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No. 30116 -     Cookman Realty Group, Inc., v. Barbara Taylor, Chief, Office of Water Resources, Division of Environmental Protection, The West Virginia Department of Environmental Protection



Albright, Justice, concurring :

    While I concur in the judgment and result in this case, I write separately because I believe that the conclusion reached is supported by law other than that cited by the majority. In my judgment, syllabus point three of Crockett v. Andrews, 153 W.Va. 714, 172 S.E.2d 384 (1970), appearing as syllabus point two in the instant case, is not applicable to agencies such as the West Virginia Department of Environmental Protection (DEP) which are subject to the provisions of the Administrative Procedures Act (APA), West Virginia Code §§ 29A-1-1 to 29A-7-4 (Repl. Vol.1998). Crockett involved the interpretation of rules and regulations by a city police civil service commission, a municipal administrative agency not governed by the provisions of the APA. See West Virginia Code § 29A-1-2(a) (1982) (defining what constitutes an agency subject to the APA).

    A pertinent provision of the APA with regard to the present case is West Virginia Code § 29A-1-2(c), which defines an interpretive rule to mean “every rule . . . adopted by an agency independently of any delegation of legislative power which is intended . . . to provide information or guidance to the public regarding the agency's interpretations, policy or opinions upon the law enforced or administered by it.” While it is unclear whether the interpretation by DEP of West Virginia C.S.R. § 47-57-4.1 (1994), at issue in the case before us, has even been given the dignity of an interpretive rule, it is clear from the record that the DEP interpretation is not found in any legislatively approved rule. Therefore, it is no more effective than a properly promulgated interpretive rule of the agency.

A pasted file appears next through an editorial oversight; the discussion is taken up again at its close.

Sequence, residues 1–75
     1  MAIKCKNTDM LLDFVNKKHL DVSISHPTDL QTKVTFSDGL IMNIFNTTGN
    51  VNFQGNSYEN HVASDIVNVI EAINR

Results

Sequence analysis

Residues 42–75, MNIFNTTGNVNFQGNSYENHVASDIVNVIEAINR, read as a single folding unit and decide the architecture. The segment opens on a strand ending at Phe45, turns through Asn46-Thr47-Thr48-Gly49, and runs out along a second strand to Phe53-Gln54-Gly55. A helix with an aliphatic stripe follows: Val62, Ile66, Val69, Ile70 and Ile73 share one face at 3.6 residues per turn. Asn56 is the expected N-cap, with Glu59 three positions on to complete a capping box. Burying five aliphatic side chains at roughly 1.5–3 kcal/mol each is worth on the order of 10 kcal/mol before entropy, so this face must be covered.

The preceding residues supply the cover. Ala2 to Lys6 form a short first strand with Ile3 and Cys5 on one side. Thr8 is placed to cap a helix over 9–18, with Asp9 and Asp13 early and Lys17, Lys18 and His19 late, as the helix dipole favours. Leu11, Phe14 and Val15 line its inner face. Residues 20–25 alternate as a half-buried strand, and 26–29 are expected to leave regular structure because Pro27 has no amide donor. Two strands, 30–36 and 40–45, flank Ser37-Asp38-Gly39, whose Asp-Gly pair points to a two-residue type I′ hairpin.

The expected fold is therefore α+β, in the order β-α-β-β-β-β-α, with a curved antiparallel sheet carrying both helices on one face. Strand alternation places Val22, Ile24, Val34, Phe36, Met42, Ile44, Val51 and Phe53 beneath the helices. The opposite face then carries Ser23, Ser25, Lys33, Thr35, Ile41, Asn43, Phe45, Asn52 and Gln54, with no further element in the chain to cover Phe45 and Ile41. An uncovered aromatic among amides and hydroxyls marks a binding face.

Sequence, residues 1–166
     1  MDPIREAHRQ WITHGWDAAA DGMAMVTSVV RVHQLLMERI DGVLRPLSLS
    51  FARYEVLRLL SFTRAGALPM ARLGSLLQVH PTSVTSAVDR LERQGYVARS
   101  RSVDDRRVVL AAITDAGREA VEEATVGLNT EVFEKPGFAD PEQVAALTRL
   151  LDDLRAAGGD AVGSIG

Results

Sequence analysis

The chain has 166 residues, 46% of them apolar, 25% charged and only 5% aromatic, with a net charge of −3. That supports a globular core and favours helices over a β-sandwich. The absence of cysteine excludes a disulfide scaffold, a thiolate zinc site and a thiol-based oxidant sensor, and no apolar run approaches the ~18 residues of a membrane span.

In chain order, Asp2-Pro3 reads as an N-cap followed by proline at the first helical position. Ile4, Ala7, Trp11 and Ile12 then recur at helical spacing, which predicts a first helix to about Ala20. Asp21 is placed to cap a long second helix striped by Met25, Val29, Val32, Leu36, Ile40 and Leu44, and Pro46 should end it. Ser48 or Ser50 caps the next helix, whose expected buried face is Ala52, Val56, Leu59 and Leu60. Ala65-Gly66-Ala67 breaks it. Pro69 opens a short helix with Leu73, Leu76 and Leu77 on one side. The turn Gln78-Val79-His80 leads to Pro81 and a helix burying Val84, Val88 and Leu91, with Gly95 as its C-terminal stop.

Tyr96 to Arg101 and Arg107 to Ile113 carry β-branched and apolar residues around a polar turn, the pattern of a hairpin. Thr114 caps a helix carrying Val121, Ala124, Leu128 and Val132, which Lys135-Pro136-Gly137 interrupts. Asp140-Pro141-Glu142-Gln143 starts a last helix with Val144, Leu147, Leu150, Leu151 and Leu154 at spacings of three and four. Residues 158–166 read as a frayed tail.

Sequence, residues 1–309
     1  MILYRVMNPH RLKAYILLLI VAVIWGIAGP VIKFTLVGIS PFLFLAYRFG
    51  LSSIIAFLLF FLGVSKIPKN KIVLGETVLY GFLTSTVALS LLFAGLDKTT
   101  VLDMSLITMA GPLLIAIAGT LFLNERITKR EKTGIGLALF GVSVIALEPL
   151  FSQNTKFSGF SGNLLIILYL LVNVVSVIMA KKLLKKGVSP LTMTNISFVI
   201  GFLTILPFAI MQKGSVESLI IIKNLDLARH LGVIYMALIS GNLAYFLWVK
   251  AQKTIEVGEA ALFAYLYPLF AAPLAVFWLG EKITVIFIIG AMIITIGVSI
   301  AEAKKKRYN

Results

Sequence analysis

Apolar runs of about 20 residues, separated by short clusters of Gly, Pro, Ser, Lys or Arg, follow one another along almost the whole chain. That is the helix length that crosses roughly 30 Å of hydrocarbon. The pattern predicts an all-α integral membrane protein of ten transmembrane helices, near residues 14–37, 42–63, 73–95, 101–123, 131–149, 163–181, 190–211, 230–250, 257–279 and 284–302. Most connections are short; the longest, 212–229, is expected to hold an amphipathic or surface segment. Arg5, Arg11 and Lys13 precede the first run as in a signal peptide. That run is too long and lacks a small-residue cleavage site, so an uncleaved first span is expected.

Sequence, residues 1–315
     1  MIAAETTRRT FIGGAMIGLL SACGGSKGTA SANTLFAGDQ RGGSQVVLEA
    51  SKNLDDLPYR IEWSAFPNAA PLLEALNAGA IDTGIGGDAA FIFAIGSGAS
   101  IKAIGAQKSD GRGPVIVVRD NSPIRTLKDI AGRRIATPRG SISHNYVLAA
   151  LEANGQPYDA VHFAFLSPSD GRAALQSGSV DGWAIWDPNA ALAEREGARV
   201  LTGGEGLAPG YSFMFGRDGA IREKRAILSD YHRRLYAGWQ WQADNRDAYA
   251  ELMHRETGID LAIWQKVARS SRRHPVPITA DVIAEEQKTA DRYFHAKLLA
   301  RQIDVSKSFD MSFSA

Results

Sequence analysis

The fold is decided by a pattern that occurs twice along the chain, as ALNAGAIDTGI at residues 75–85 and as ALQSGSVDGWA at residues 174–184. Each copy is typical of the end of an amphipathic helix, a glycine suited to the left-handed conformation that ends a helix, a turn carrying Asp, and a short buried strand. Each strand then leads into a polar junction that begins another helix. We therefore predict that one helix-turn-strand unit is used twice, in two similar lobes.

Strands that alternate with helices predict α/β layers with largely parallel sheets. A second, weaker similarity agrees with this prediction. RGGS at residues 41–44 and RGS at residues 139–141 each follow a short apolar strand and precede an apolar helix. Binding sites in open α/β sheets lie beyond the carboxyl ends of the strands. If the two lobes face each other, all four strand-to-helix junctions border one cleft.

In such circumstances, a state agency's interpretation may not be afforded any weight in light of the further language in West Virginia Code § 29A-1-2(c), which reads as follows:

    An interpretive rule may not be relied upon to impose a civil or criminal sanction nor to regulate private conduct or the exercise of private rights or privileges nor to confer any right or privilege provided by law and is not admissible in any administrative or judicial proceeding for such purpose, except where the interpretive rule established the conditions for the exercise of discretionary power as herein provided.

    In light of this unmistakably clear legislative language, such an interpretation of a policy by an administrative agency may not be used by a court or administrative agency against the interests of a person regulated or sought to be regulated by the agency. I believe that a new syllabus point should have been adopted by the Court in this case stating that the longstanding interpretations by a state agency of rules it is required to enforce _ whether stated in an interpretative rule under the APA or set forth in a less formal expression of agency policy _ may not be afforded any weight against a citizen or other party in a contested action of the nature before us.